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Prove this, and get 1Frih





DecayClan
Prove that the number a=2222^5555 + 5555^2222
Can be divided by 7
(Exactly)

Find it, and win 1Frih!
(sorry, i can't give you more, thats all i have)
If i had more, iw ould give more as well Smile
matt87
I would prove this but its not worth my time for only 1 frih$
ocalhoun
true, you need to offer more FRIH$ in order to get people to do your homework. I got more than that by just commenting on it.
djared90
I agree that 1 FRIH$ is far too little to do this for you, but since I am so generous and math-loving I'll do it anyway.

To solve this, you need to use modular arithmetic.

2222^5555 can be rewritten as 3^5555 (mod 7) {using mod-7 since you are proving it is divisible by 7} and 5555^2222 can be rewritten as 4^2222 (mod 7)

Powers of 3 mod 7 are cyclic, since 3^1 = 3 (mod 7), 3^2 = 2 (mod 7), 3^3 = 6 (mod 7), 3^4 = 4 (mod 7), 3^5 = 5 (mod 7), 3^6 = 1 (mod 7), 3^7 = 3 (mod 7), and so on...So that 3^5555 (mod 7) can be rewritten as 3^5 (mod 7) = 5 (mod 7)

Likewise, powers of 4 mod 7 are also cyclic, since 4^1 = 4 (mod 7), 4^2 = 2 (mod 7), 4^3 = 1 (mod 7), 4^4 = 4 (mod 7), and so on...Thus, 4^2222 (mod 7) can be rewritten as 4^2 (mod 7) = 2 (mod 7)

Now you have 5 (mod 7) + 2 (mod 7), which equates to 7 (mod 7), and since 7 is divisible by 7, it divides 2222^5555 + 5555^2222 evenly.

Hopefully you understood all of that; otherwise, you might want to look into learning about modular arithmetic, because it really is quite interesting what you can do with it.
LandShark
wow you are amazing at math. Im going to p rint this out and give it to my math teacher
DecayClan
LoL.I made this for fun...Not my homework,i already know the answer...It's like, "who wants to try it for fun" if i really needed it, i would offer more...The 1Frih means nothing...Even the post that you say that it doesn't worth it gives you more, but thats not the point...The point is to do it because you want to, not for the 'money'...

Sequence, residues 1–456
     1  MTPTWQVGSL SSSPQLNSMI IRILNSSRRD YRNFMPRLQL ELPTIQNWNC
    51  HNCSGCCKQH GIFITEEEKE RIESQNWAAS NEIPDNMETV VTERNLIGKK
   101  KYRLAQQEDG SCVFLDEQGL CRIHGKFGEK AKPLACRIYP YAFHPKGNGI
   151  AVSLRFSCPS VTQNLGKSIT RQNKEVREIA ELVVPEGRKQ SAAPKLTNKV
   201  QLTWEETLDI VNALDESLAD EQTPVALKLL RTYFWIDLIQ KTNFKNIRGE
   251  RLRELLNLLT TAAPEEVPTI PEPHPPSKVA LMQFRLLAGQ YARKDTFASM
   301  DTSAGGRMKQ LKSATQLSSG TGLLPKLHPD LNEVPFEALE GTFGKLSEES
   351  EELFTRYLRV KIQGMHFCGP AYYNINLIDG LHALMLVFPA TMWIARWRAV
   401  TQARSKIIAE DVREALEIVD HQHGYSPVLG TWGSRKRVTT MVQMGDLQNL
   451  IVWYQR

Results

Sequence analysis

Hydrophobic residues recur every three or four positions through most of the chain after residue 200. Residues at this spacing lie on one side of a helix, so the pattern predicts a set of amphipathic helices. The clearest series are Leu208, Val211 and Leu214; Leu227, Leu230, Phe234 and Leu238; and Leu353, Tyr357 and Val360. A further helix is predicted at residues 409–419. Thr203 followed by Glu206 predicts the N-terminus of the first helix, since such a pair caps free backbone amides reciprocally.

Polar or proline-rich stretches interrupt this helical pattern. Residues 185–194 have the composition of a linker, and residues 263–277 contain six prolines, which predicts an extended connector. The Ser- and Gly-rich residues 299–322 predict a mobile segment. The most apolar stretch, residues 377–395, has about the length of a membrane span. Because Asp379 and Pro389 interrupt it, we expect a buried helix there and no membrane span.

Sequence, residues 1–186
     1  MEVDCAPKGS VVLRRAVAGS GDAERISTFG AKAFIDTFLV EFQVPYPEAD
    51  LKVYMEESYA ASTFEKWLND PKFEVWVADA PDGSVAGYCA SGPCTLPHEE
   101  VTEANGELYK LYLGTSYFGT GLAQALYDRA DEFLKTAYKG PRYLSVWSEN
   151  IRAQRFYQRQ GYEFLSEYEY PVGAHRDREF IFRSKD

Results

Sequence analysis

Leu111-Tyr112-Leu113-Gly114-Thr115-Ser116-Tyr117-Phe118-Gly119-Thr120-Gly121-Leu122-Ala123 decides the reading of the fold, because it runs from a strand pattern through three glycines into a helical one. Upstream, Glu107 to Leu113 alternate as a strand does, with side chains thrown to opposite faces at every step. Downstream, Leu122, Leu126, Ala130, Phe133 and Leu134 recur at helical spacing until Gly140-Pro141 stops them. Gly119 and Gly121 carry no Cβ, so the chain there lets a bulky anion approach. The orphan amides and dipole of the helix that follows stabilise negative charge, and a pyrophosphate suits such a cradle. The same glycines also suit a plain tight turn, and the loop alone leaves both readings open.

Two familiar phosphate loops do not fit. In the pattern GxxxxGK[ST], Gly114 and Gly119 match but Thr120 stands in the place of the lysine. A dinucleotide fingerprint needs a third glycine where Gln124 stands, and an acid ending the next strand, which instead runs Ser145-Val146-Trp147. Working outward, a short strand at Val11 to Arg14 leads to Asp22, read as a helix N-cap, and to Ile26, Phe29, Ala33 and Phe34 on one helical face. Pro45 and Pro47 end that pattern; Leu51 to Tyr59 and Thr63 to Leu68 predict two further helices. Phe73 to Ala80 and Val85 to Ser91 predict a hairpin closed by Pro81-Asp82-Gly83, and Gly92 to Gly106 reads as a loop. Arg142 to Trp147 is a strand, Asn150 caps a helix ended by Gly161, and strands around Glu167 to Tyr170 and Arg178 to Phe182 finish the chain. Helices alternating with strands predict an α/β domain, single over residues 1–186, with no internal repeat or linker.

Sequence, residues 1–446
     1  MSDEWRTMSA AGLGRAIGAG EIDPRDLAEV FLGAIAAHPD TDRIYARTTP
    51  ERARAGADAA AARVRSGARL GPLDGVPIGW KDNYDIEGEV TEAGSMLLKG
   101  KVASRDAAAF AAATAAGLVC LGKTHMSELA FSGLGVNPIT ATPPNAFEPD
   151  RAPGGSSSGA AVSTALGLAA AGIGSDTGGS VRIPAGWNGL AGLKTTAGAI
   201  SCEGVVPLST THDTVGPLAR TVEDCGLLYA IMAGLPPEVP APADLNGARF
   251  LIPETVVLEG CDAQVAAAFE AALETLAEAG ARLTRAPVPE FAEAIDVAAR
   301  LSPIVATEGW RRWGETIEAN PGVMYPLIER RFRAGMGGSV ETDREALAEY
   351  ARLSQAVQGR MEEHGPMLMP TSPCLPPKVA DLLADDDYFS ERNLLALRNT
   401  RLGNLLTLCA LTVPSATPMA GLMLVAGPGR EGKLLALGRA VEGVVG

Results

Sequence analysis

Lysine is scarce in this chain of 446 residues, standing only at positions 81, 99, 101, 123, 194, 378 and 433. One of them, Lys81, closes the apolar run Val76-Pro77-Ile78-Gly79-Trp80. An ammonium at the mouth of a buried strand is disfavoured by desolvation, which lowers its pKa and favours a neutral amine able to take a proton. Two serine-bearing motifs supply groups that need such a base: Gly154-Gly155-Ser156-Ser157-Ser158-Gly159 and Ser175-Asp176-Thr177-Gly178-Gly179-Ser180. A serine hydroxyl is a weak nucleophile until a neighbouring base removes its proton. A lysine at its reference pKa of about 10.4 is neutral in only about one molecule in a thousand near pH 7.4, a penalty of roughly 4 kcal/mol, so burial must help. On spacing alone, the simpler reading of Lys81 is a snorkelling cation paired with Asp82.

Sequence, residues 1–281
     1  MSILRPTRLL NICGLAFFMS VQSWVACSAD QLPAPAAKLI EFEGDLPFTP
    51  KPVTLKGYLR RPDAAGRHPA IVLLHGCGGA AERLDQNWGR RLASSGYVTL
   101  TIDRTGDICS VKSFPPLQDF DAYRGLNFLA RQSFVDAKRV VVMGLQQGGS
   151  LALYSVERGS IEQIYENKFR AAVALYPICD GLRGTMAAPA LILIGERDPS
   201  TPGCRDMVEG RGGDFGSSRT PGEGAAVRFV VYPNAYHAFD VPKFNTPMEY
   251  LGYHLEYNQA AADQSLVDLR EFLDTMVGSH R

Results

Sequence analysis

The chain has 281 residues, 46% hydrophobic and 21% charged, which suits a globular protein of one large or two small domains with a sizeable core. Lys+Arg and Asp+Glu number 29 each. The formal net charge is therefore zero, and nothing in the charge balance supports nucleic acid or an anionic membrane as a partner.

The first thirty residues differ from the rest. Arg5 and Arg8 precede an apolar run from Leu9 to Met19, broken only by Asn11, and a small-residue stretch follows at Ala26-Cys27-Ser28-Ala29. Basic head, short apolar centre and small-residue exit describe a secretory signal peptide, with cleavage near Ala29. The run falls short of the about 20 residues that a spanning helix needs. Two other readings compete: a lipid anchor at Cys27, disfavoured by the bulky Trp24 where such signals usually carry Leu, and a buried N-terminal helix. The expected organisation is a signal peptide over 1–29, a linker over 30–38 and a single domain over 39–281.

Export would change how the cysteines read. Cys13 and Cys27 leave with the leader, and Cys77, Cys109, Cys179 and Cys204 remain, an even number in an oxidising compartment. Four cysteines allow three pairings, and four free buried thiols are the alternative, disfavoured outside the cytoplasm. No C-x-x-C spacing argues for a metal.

Very well djared90!You get 1 frih!Thats the correct answer!
MrBaseball34
http://perplexus.info/show.php?pid=3108&op=sol
djared90
Well, I guess the rules that I know:

(a^3 + b^3) = (a + b)(a^2 - ab + b^2)

and

(a^2 - b^2) = (a - b)(a^2 + ab + b^2)

could be expanded to fit the rules they used, so that's also a valid explanation.

However, it would take more than "a little insight" to know to split up the original number like they did so that it comes out just right, so I still like my way with the modular arithmetic.
phx777
man, if i only reply this to tell you that your payment isnt really worth any solution, i will probably get more fri$ then i would get for the actuall solution (now lets see how much fri$ ill get for this post Razz)

yey, allmost exactly one 1 fri$, actually a lil bit over it Razz
ralphbefree
thanks for expanding my horizons into modular arithmatic... looking it up right now..
WW.peace.love.math.recycle.smiles/ralph
Vanquish
Dude, did you learn that at school?
If you did fair enough, but why would you need it in real life? I'm not flaming or anything it's just a simple question, what situations would you come across where you actualy need that formula? It still doesn't really make sence to me but i'm only 13, I still found out I got a Level 7 (Like an A) in my mock Math SATS, hopefuly I get a Level 7 in my real SATS! It's another 3 months anyway so I shall be sticking in my lessons and stop messing around, the problem is i'm distracted very easily, so if anyone else is messing around basically I mess around! Anyway back to the topic, where would you use this arithmatic in a real life situation?
matt87
I am sure it has a use somewhere, but don't exactly know where. It could be used for engineering or some other complication. I always ask this question to my teachers and they always find a way to awnswer it. Maybe try asking one of your math teachers. I am not in school right now so I don't got anyone to ask for you.
xoxmeholly
It could probably be used for like engineering, and that stuff. Maybe something out there, like space: NASA. I'm sure they use freaky math formulas. And my math teacher said that a single calculus problem would take up the entire board (it's a big board, by the way) and I'd NEVER be able to prove what on earth you'd use the formula for.

I bet this is more than 1 $FHIH

Edit: it was 2.262
Empire
I KNOW WHERE U WOULD NEED THIS!!! TO BECOME A COLLEGE MATH TEACHER!!!



damn I'm smart
Zenrei
Vanquish wrote:
Dude, did you learn that at school?